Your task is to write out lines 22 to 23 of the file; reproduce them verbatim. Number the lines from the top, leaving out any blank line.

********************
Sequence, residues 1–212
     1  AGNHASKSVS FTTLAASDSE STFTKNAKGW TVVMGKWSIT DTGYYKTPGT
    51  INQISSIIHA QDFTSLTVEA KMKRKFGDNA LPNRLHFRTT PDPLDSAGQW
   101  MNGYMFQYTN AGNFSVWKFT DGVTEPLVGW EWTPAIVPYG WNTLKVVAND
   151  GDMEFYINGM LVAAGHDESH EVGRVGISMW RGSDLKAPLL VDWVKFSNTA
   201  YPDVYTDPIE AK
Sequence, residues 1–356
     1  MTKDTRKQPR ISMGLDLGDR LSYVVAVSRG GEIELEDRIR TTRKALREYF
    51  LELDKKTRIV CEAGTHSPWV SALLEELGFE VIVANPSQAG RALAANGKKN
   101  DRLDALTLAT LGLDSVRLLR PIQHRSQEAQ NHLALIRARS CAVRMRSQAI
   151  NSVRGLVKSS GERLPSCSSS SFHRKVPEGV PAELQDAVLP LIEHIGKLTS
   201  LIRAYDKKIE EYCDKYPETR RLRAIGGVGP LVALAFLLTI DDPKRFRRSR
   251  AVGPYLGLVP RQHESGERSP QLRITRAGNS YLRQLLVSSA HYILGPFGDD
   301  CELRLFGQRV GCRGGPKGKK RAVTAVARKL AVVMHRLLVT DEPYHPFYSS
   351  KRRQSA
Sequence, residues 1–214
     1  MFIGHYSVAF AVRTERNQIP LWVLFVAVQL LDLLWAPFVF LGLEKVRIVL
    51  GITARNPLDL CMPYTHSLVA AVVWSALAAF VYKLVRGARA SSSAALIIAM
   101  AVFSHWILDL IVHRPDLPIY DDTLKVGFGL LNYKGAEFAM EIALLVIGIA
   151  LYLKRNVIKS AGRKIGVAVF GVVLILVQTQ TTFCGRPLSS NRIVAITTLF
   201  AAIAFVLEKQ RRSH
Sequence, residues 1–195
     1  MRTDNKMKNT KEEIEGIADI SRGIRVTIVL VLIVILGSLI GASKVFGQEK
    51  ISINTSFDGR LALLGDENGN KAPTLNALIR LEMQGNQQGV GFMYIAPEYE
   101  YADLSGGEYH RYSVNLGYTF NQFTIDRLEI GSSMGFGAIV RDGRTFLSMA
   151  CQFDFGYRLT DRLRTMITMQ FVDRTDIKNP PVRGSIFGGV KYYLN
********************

Sequence, residues 1–195
     1  MRTDNKMKNT KEEIEGIADI SRGIRVTIVL VLIVILGSLI GASKVFGQEK